The same answer needs to be born in mind as in question 2. The identity and role of the Spirit is expressed in the Bible in terms of the Spirit’s place within Elohim. So we find many examples of the work of the Spirit being the work of God, or the Spirit sharing features of the divine life… but we do not have an Islamic-like statement where the Spirit simply claims to be individually ‘god’. However, Acts 5:3-4 is as clear as anybody could want.
More generally, on the theme of the deity of the Spirit, the following passages are useful.
1 Samuel 10:6-7 “The Spirit of the LORD will come upon you in power, and you will prophesy with them; and you will be changed into a different person. Once these signs are fulfilled, do whatever your hand finds to do, for God is with you.” The newly anointed King Saul is told that God is with him because the Spirit of the LORD is with him. The Spirit’s presence is God’s presence. We find just the same thing in Psalm 139:7 “Where can I go from your Spirit? Where can I flee from your presence?”
Psalm 51:11 “Do not cast me from your presence or take your Holy Spirit from me.” David’s prayer has two aspects. First he prays that he would not be thrown out of the company of the LORD, yet from the other direction he asks that the LORD’s fellowship would not be withdrawn from him. To have the Holy Spirit’s company is to have the presence of the LORD.
Psalm 106:32-33 “By the waters of Meribah they angered the LORD, and trouble came to Moses because of them; for they rebelled against the Spirit of God, and rash words came from Moses’ lips.” If we compare these comments with the account in Numbers 20:12-13 we see that the Spirit of God is the LORD.
Numbers 20:12-13 “But the LORD said to Moses and Aaron, “Because you did not trust in me enough to honour me as holy in the sight of the Israelites, you will not bring this community into the land I give them.” These were the waters of Meribah, where the Israelites quarrelled with the LORD and where he showed himself holy among them.”
Isaiah 63:7-16 “I will tell of the kindnesses of the LORD, the deeds for which he is to be praised, according to all the LORD has done for us — yes, the many good things he has done for the house of Israel, according to his compassion and many kindnesses. He said, “Surely they are my people, sons who will not be false to me”; and so he became their Saviour. In all their distress he too was distressed, and the Angel of his presence saved them. In his love and mercy he redeemed them; he lifted them up and carried them all the days of old. Yet they rebelled and grieved his Holy Spirit. So he turned and became their enemy and he himself fought against them. Then his people recalled the days of old, the days of Moses and his people–where is he who brought them through the sea, with the shepherd of his flock? Where is he who set his Holy Spirit among them, who sent his glorious arm of power to be at Moses’ right hand, who divided the waters before them, to gain for himself everlasting renown, who led them through the depths? Like a horse in open country, they did not stumble; like cattle that go down to the plain, they were given rest by the Spirit of the LORD. This is how you guided your people to make for yourself a glorious name. Look down from heaven and see from your lofty throne, holy and glorious. Where are your zeal and your might? Your tenderness and compassion are withheld from us. But you are our Father, though Abraham does not know us or Israel acknowledge us; you, O LORD, are our Father, our Redeemer from of old is your name.”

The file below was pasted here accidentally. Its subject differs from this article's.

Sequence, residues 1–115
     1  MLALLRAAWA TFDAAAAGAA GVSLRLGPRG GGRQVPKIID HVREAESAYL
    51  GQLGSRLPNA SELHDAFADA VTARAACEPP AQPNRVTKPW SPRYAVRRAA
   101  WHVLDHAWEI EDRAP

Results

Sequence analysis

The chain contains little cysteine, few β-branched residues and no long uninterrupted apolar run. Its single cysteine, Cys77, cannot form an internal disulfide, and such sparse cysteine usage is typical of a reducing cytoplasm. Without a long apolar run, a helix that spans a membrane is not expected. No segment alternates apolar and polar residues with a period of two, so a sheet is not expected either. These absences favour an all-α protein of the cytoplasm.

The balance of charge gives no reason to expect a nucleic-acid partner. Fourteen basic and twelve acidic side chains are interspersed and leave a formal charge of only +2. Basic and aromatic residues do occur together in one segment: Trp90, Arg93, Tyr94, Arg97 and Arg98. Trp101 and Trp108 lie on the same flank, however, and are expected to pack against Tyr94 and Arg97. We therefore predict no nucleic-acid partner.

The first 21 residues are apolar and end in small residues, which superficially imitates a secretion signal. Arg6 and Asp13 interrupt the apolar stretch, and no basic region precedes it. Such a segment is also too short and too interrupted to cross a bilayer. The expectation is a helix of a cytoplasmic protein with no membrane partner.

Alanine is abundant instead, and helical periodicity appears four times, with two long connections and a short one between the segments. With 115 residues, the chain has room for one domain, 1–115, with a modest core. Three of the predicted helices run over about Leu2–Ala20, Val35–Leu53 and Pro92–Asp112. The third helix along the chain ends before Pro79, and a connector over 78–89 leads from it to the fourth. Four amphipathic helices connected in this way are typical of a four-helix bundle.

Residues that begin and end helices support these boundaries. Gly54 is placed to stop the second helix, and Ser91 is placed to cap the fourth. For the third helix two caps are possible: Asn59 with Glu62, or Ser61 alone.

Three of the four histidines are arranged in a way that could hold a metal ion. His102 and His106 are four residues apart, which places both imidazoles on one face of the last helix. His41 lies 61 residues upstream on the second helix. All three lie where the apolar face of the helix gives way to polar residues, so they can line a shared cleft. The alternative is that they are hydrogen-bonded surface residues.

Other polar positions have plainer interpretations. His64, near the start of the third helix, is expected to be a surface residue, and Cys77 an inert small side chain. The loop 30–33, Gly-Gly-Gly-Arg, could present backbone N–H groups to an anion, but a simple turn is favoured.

This passage from Isaiah is worthy of deep meditation. The Three Persons of Elohim are set in their redeeming work, all emerging from the Father’s great love for His people. The whole prayer is addressed to the Father [specifically using that title]. Unusually the Divine Mediator is mentioned only once as the one who accomplished salvation. However, in this prayer the Spirit occupies a much more explicit role than is normal in Scripture. Here it is the Holy Spirit who is grieved by Israel’s rebellion, the One who indwelt the people in the wilderness and gave them Sabbath even in such circumstances.
We must always remember though that the role of the Spirit within Elohim does not conform to the expectations and assumptions of Islamic theology. It is important that we do not drag the Spirit into a front stage position alongside the Son in an attempt to demonstrate His divinity. This seems to violate the way in which the Scriptures speak of Him.